Springfield Armory Museum - Collection Record
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|Title:||MUSKET, RIFLED - AUSTRIAN MUSKET MODEL 1842 AUGUSTIN .70|
|Maker/Manufacturer:||AUGUSTIN, VINZENZ VON|
|Date of Manufacture:|
|Catalog Number:||SPAR 4534|
|Measurements:||OL:146.6CM 57 3/4" BL:106.6CM 42"|
AUSTRIAN MUSKET MODEL 1842 AUGUSTIN .70
Manufactured in Austria - Standard M1842 that has been converted from tube lock to percussion using cone-in-barrel method. Three bands with upper-band double-strapped. Iron furniture, bright finish. Weapon complete and in good condition.
Lock: Austrian proof.
Barrel tang & Buttplate: 5GB/5C/32.
Barrel: G854. GH.
Lower barrel band: W/B.
Middle barrel band: P/B.
Stock: 2233 in white.
According to Army records: 73 on bayonet.
1909 Catalog #0630 - "Musket. Austrian Boker, 1/2, Rifled Musket. Cal. 71."
Notes: "Augustin pattern tube-lock, muzzleloader, cal .70. Overall length 57.75 in. Paper cartridge with round ball. Quadrangular socket bayonet retained by two types of spring clamp beneath muzzle; blade length 18-18.75 in. Three bands flattened on bottoms, with upper band double-strapped. Furniture usually iron, bright; some examples have brass trigger guard, bands, and buttplate. Simple notched rear sight on barrel tang, not adjustable. Front sight partially enclosed by upper strap of forward band. Sling swivels on trigger guard and center band.... Most of these muskets converted to percussion lock in 1861, the cone seat being forged into the top of the barrel; many were rifled with four grooves and given the 1000 meter leaf rear sight. Some 10,000 of this model were converted and rifled in Cincinnati for General Fremont; these had the cone tapped directly into the barrel and some were given U.S. pattern long range sights.
Two shorter version of the Model 1842 were also imported. The first had an overall length of 52.5 in, and the heel of the butt was almost squared; otherwise similar. This variant was known in Austria as the cadet musket.
The second shortened variant was converted from an Augustin tube-lock muzzleloader issued in Austria originally to engineer troops, cal .70; its 33.5-in. barrel was rifled with 4 grooves. Overall length 48.5 in. Paper cartridge with ball wrapped separately from powder. Quadrangular socked bayonet retained by spring clamp beneath muzzle (or possibly, at times, by a lug), blade length 18.5 in. Three bands. Leaf rear sight like Lorenz rifle musket, graduated to 900 meters. Furniture bright or brass, bright lock plate and hammer. Sling swivels on center band, and underneath butt or on trigger guard tang. Lock plate markings: year and eagle as on musket." - Todd
"The M1842 musket was manufactured in Augustin tubelock, its main distinction from the M1840 flintlock musket is the lock, which in addition to having the integral tubelock mechanism in lieu of the frizzen, has a distinctly rounded rear tail. Although 25,000 of these muskets were imported into the United States for use by Fremont's forces in Missouri in 1861, many were subsequently altered to percussion. The Cincinnati contractors, Hall, Carroll & Co. or Greenwood & Co. accounted for 10,000 of these arms, all of which were altered to percussion my means of a cone-in-barrel system. These were also rifled and a portion of them sighted with a long range rear sight similar to the Enfield P1853 rifle-musket. Many of the balance were subsequently sent to the Frankford Arsenal in Philadelphia, where they were subcontracted to Henry Leman of Lancaster for alteration to standard percussion. Those altered by Leeman are distinguished by having new breechpiece with integral bolster, the latter with a cleanout screw through its face. In addition to the 25,000 imported for Fremont, the firm of H. Boker & Co. of New York imported approximately 8,000 Austrian M1842 muskets which it has altered to percussion in Belgium. The French method of adding a reinforced bolster to the top right-hand side of the barrel was used. Many of those were also rifled and sighted in the manner of the French adaptations fashionable in Europe. George Heydecker of New York City imported another 4,000 in 1863 that were seized in transit in Canada, reputedly for delivery to Mexican republican forces." - Schwing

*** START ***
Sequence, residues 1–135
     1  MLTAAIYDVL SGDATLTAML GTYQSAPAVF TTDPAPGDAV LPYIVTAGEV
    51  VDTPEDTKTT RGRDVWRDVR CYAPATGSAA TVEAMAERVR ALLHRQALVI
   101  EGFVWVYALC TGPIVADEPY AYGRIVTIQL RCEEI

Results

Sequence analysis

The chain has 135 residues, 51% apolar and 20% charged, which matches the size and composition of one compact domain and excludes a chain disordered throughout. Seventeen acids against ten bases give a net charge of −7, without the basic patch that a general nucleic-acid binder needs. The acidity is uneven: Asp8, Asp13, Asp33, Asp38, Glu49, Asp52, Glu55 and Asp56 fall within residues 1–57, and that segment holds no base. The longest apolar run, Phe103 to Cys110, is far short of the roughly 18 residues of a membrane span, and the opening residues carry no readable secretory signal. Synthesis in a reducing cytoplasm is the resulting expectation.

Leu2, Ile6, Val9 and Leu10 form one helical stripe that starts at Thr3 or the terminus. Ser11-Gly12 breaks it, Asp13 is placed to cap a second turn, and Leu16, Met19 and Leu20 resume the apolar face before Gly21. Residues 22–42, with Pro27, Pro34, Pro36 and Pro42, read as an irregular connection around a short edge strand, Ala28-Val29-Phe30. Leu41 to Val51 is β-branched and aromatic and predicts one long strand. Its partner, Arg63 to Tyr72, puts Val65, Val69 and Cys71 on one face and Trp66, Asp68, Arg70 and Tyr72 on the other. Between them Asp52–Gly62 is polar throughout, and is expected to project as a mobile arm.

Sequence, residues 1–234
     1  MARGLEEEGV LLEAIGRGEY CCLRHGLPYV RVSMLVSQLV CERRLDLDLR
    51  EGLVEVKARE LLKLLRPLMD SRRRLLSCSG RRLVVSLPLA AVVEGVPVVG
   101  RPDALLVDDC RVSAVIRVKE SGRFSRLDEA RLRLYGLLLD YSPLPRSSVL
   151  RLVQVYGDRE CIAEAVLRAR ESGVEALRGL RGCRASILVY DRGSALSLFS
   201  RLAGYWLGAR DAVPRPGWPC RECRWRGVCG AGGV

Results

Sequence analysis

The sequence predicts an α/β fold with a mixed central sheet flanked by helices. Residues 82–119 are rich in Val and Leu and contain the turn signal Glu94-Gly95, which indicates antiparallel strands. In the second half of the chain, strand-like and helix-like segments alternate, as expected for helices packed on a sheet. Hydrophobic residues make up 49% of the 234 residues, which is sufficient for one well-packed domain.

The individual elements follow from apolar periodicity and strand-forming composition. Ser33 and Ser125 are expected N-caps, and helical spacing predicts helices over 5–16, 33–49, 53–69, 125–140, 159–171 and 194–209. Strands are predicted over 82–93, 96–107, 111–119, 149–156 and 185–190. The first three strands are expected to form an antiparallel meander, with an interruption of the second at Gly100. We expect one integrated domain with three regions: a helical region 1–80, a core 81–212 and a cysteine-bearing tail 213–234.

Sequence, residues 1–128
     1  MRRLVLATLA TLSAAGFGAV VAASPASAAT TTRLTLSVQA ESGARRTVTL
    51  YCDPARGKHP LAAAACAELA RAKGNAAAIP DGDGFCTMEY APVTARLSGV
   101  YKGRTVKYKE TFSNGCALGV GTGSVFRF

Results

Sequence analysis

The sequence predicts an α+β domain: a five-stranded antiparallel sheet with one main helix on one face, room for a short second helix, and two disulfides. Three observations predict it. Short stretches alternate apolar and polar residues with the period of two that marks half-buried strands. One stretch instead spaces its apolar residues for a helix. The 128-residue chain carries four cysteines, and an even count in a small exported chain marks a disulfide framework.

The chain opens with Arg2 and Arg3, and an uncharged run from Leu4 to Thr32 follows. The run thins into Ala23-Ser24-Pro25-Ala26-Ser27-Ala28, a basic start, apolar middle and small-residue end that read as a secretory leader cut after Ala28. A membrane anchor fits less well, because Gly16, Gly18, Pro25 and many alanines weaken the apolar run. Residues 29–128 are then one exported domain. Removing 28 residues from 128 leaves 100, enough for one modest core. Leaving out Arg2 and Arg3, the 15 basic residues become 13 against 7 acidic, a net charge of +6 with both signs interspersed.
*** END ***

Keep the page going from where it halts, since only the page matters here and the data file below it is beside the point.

"The 101st Illinois is armed, but with unserviceable muskets of the Belgium and Austri
Noe, David, Larry W. Yantz & James B. Whisker. FIREARMS FROM EUROPE. Rowe Publications. Rochester, N.Y. 1999.
Schwing, Ned. 2002 STANDARD CATALOG OF FIREARMS. Krause Publications. Iola, Wi. 2002.
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